Sep 1, 2009 10:32pm
Re: Popular Science Monthly Volume 75
Does not the copyright belong to the original publisher?
Said copyright does not allow anybody modifying the work,even slightly and putting a new copyright on it.
So would not Google be in breach of the copyright law by modifying the copyrighted book?
If Google modified a book, after it went out of copyright, modifying the text by adding its own logo, legally, only the logo is copyright. (the changes)
So removing the logo, is in effect, keeping yourself safe from Google's copyright.
I would argue that I had a full right to remove that logo, because otherwise I would be in breach of Google's copyright when I distribute the original out-of-copyright text.
The most I could be libel for, was a fraction of the cost to Google to scan the out of copyright text, and a few cents to serve it out to me over the WWW. The text was out of copyright, therefore Google has to treat it as open source, the only charge it can make, is for costs, and not profit. If us people DON'T remove the logo, THEN we are in breach of Google's copyright, but ALL we want, is the original open source which Google modified with a slight proprietary modification, The Logo! If Google tried that with Ubuntu, boy there would be an outcry.
But consider this, Google can only charge for ADDED VALUE, considering that the logo degrades the text, Google should be compensating all the down loaders for degrading the open source text, and NOT trying to charge for added value.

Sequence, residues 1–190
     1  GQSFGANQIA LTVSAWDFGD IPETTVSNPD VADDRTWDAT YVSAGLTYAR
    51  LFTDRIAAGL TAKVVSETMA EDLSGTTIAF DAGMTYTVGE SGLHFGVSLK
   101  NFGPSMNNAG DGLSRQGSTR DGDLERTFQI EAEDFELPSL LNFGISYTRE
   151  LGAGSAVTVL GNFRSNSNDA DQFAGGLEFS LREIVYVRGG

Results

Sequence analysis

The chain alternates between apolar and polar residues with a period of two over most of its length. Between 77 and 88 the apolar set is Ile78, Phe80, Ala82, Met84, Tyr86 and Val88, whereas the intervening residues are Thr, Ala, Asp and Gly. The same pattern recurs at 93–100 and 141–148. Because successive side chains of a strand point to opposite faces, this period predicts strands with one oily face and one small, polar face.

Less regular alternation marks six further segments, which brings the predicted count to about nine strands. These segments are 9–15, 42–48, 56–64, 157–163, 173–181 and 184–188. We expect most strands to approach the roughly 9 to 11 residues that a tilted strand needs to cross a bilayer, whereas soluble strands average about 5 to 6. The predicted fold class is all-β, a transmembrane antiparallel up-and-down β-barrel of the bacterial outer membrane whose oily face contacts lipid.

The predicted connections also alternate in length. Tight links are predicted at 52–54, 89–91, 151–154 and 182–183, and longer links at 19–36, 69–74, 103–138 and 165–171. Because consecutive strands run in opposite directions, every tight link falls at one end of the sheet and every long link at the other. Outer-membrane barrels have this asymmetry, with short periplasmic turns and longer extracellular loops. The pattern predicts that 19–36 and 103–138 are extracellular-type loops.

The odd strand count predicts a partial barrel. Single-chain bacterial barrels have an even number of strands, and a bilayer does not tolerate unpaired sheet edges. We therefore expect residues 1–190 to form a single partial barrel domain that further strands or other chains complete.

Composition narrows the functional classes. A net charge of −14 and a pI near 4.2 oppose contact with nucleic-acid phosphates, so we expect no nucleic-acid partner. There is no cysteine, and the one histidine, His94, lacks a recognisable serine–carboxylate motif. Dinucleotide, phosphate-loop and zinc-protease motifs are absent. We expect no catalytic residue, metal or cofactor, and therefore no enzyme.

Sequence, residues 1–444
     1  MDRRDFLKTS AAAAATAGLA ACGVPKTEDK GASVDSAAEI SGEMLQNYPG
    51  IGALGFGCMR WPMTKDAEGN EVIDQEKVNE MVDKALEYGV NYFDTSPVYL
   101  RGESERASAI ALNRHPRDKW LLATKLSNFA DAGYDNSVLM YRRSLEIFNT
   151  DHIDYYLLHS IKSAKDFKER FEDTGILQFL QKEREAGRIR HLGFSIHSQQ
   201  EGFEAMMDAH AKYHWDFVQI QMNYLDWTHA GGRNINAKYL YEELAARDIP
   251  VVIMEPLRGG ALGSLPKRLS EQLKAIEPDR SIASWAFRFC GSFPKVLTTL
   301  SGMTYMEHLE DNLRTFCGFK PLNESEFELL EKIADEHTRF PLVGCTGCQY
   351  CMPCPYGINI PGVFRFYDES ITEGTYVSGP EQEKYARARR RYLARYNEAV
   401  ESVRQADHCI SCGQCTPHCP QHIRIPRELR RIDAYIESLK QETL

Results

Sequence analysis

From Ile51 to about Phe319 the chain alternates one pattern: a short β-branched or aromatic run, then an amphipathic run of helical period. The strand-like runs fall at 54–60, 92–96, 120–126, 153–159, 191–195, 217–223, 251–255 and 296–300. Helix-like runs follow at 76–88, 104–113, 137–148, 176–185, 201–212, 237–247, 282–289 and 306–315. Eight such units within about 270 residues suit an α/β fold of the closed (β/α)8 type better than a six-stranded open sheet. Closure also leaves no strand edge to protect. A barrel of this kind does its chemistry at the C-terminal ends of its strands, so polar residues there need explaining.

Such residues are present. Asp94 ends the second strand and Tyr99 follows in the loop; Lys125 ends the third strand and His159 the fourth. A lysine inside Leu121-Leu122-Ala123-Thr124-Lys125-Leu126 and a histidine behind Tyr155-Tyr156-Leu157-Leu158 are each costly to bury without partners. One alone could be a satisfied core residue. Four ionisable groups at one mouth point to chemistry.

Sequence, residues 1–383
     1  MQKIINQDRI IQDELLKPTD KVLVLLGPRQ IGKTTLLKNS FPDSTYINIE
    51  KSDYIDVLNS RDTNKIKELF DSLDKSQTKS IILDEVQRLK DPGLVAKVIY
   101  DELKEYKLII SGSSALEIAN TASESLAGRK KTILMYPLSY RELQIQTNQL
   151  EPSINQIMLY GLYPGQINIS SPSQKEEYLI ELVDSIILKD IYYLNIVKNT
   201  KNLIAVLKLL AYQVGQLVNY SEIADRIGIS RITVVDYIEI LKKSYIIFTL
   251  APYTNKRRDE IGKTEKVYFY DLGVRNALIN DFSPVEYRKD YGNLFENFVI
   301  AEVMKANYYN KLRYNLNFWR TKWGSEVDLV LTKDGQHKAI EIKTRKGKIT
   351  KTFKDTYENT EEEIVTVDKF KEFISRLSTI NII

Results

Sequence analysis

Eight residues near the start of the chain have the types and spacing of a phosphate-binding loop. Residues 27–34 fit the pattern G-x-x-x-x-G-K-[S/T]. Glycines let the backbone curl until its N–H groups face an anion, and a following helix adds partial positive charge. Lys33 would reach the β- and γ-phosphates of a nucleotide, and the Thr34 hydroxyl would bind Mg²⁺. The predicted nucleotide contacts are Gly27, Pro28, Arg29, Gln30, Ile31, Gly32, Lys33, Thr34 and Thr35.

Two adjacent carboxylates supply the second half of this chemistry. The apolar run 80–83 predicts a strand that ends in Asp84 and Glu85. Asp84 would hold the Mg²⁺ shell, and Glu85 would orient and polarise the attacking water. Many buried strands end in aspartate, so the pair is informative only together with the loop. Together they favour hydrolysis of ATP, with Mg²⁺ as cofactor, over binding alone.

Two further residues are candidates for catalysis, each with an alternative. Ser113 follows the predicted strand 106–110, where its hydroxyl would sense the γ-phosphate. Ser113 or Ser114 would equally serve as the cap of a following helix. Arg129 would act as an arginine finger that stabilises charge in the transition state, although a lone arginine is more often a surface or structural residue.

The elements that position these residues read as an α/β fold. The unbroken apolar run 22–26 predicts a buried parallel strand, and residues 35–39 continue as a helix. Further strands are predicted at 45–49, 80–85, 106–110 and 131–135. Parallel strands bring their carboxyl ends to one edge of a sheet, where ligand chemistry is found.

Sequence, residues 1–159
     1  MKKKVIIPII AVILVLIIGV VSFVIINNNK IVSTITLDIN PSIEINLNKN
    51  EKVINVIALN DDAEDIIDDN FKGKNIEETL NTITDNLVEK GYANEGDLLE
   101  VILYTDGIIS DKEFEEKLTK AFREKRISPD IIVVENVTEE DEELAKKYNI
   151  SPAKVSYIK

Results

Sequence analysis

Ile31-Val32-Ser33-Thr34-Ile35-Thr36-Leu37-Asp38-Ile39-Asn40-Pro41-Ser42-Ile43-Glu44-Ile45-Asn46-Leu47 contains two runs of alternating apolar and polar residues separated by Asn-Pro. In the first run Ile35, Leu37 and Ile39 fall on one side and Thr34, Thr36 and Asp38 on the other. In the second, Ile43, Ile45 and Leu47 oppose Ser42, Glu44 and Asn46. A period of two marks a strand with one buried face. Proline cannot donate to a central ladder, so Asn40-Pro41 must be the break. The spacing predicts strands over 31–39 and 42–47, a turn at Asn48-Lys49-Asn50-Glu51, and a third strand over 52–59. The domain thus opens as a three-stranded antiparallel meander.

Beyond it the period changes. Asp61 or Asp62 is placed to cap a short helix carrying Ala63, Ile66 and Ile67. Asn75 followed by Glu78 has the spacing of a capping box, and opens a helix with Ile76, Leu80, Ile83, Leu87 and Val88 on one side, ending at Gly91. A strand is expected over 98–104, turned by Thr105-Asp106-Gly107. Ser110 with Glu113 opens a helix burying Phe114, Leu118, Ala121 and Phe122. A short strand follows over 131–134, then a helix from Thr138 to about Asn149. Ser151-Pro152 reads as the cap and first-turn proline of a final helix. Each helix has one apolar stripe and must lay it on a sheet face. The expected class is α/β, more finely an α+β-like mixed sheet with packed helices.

I should have trained as a lawyer, I could tie Google up in court for ever and ever, while it finds answers to such questions. (And I get paid by the hour, not the job)(and thats why lawyers do charge by the hour.)
More importantly, would Google risk legal action, because too much public attention to what its doing, could very well backfire on Google, when the law makers see another Microsoft battle looming, which can make or break want-to-be future politicians now working as lawyers and state and federal attorneys.
How many votes does Google have, in political elections? And Google's actions would make a mockery of current legal actions protecting the latest audio, movies and books, that still are in copyright.
Google is on a sticky wicket already, there is already legal action under way about its attempt to create a monopoly on out of copyright, ownership of old texts.
If you could get the texts off Google Books, but leaving the logo behind, noway will Google have any comeback.
Lateral thinking Peter